That makes sense because people tend to be much worse at making rational decisions than they think they are. One of the key areas where that irrationality impacts innovation is in risk aversion. Nobel-prize winning research by Herbert Simon, Amos Tversky, Vernon Smith and Daniel Kahneman demonstrated that people make decisions based on the relatively small amount of information we are able to keep in our usable memory, and those decisions lead us to prefer avoiding losses over seizing gains.
Whenever a subject is offered two exclusive choices, one where they can avoid losing $5 and another where they can find $5, the majority of people instinctively go for the first option. In some experiments, the threat of loss was found to be twice as motivating as the promise of an equivalent gain.
You can see how this has become a problem for innovators. Innovation has to face the stiff winds of this loss aversion alongside the tendency to trust in the advice of authorities instead of hard data. In an earlier blog, we talked about the hypothesis-based approach to innovation, why it works and yet how few companies actually use it. Instead of relying on experts and confirmation bias, this approach presents a more scientific basis for selecting the most practical and profitable innovations.
The Danger Built Into Avoiding Risk
Risk aversion is often treated as a more responsible, measured and conservative methodology that holds business continuity in the highest regard. That may be true under different initial conditions, but it certainly is not valid in a turbulent global economy roiled by disruption. In this world, risk aversion is too shortsighted and can relegate a business to irrelevancy. This is actually where handling strategic uncertainty is turned into risk mitigation.
That’s exactly what happened in the case of Kodak, where management clung to their traditional specializations and avoided investment in digital photography. At the time, managers did so out of fear that the new technology would cannibalize their core business. Instead, other companies embraced the new technology, dined on Kodak’s revenues and forced the company into bankruptcy. A restructured Kodak has now ventured back into the marketplace, but only time will tell if this case study has a happy ending.
A study by Columbia University showed that risk-averse managers tend to act conservatively as long as they feel confident that everything is proceeding according to plan, but they take far more dangerous, irrational risks when they feel that this may be their only way to bring back the status quo.
Consider how this applies to the three horizons of innovation. As a reminder, horizon 1 refers to minor tweaks to existing services and quality improvements that can be done right away. Horizon 2 refers to innovations that are reasonable extensions of the core value that could bring back returns in the middle term. Horizon 3 says innovations are the moonshot proposals that have the greatest revenue potential but also brings the greatest uncertainty.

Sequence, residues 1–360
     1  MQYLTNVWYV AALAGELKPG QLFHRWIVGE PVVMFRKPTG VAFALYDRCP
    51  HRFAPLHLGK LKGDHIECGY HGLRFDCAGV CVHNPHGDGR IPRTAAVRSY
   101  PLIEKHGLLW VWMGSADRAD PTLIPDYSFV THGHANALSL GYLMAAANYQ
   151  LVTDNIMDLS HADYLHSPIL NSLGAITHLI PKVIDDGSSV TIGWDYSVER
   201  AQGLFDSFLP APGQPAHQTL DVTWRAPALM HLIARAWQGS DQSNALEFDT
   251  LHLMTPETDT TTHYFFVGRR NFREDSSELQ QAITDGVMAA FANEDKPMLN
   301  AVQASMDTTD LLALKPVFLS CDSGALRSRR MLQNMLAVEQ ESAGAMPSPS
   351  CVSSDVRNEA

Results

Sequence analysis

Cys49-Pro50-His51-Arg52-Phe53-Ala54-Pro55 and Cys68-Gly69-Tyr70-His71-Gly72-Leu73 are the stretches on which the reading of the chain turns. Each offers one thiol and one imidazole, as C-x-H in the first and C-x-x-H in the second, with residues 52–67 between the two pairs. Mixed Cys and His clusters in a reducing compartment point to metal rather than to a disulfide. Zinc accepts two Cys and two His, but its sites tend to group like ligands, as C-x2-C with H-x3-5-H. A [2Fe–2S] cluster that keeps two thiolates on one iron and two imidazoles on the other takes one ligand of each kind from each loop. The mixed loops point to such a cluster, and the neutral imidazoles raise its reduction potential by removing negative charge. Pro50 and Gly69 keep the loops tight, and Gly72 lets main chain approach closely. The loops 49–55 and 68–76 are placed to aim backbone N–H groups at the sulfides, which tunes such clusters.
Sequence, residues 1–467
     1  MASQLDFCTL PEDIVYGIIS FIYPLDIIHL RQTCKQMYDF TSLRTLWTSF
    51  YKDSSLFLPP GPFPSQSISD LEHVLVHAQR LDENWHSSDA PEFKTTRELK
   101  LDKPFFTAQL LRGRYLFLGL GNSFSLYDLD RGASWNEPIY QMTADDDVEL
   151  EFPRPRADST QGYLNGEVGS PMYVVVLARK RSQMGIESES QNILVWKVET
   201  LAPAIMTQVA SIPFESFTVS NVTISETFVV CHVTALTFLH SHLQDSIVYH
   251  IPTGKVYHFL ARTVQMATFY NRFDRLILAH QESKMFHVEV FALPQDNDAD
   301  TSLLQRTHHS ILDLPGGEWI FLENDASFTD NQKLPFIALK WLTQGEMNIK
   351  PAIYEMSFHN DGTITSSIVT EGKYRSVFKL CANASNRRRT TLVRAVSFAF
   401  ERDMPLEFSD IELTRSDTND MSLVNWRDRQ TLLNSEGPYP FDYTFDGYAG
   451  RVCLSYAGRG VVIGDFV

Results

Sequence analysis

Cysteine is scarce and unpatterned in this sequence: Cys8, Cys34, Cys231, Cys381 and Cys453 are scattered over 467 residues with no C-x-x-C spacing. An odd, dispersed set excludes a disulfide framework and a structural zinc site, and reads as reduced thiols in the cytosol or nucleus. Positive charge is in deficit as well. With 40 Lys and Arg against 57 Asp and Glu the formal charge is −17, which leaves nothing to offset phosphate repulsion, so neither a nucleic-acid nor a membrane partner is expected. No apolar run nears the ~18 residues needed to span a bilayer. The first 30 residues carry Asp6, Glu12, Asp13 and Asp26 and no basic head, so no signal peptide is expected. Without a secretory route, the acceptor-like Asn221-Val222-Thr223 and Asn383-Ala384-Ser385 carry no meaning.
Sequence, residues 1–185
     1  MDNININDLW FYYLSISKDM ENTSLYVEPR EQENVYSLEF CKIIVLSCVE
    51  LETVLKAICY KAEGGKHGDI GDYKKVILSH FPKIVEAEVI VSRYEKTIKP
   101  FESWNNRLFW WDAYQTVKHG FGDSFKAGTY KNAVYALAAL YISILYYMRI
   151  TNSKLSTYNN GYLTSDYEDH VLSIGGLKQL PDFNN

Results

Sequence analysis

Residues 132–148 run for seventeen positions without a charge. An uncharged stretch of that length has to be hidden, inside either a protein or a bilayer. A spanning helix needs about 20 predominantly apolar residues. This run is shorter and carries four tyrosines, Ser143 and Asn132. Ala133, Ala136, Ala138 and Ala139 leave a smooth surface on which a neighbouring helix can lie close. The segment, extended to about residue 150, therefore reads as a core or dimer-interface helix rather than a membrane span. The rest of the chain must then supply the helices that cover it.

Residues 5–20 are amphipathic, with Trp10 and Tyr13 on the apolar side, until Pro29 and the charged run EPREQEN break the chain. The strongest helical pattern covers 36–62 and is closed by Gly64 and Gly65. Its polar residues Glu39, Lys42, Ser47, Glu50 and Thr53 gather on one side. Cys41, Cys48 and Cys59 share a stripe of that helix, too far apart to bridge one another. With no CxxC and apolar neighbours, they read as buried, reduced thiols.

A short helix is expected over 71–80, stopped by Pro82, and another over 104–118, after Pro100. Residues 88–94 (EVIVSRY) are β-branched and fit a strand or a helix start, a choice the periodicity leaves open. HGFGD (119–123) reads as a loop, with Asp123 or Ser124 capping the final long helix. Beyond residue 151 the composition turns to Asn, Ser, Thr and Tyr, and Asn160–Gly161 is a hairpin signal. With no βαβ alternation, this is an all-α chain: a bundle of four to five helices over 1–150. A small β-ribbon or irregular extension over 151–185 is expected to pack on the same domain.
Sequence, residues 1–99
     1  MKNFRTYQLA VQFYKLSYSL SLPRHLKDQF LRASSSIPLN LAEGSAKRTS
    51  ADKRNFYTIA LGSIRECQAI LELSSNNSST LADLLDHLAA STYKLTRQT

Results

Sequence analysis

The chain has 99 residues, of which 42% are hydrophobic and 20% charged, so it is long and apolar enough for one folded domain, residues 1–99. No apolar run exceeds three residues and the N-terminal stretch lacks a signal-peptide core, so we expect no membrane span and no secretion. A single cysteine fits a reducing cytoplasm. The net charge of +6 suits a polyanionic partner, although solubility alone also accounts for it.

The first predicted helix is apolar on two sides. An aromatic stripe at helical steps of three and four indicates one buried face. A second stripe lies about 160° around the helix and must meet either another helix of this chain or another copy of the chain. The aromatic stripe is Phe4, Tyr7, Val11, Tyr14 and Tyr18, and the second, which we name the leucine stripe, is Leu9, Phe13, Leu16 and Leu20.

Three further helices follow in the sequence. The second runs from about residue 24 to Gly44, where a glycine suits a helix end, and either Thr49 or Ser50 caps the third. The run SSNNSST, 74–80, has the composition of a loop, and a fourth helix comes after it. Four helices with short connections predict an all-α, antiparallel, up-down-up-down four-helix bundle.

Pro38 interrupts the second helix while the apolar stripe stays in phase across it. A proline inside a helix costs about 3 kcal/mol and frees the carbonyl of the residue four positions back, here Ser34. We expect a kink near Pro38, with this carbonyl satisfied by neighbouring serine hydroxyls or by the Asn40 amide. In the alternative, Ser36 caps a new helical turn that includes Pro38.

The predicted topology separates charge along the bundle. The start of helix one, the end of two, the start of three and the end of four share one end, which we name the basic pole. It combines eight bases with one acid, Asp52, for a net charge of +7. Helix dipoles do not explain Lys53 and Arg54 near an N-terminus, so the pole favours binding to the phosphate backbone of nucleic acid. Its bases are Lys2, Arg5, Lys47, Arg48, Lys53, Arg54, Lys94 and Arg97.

The risk-averse will nearly always prefer horizon 1 proposals and fund horizon 2 proposals based on expert opinion instead of experimentation. However, there are better ways to select the most promising innovative projects for investment. How to proceed depends on how radical the innovation is.
System 2 Problem-Solving Under Strategic Certainty
One decision-making solution to recommend when you are within an area of strategic certainty is based on research from Keith Stanovich and Richard West in which they identified System 1 and System 2 thinking. System 1 refers to how most people operate in their daily lives based on intuition. These decisions are rapid, automatic, reactive, implicit and driven by emotional associations.
In contrast, System 2 is the more labored, deliberate, explicit, evidence-based decision-making process. This normally consists of six logical steps:
- Define the problem.
- Identify the top criteria needed to adequately compare your options.
- Rank the significance of the criteria according to weighted averages.
- Generate a list of the available options.
- Assign ratings to the options, and compare them head to head.
- Choose the highest number.
You may actually need a seventh step in many cases: If there is a tie, do more research on the leading options and then go back and enlarge the criteria pool.
Clearly, if you are just choosing jam for your toast, a complete System 2 process is counterproductive. System 1 has been refined over hundreds of thousands of years of evolution, so it is quite capable of handling most of our decisions. Only the decisions of the highest import, where businesses and careers are on the line require System 2.
The larger problem with innovation in the corporate world today is that far too many projects are funded after some version of System 1.
In many cases, however, business leaders have to make critical decisions with no data to compare because it’s never been done. Problems like that require a new kind of thinking and new kind of strategic leadership.
Problem-solving Under Strategic Uncertainty
When you are trying to innovate radically – in the face of strategic uncertainty – you by definition do not have any prior data to use as your basis. That’s where we recommend the hypothesis-based approach, and we’ve devoted an entire blog to the concept.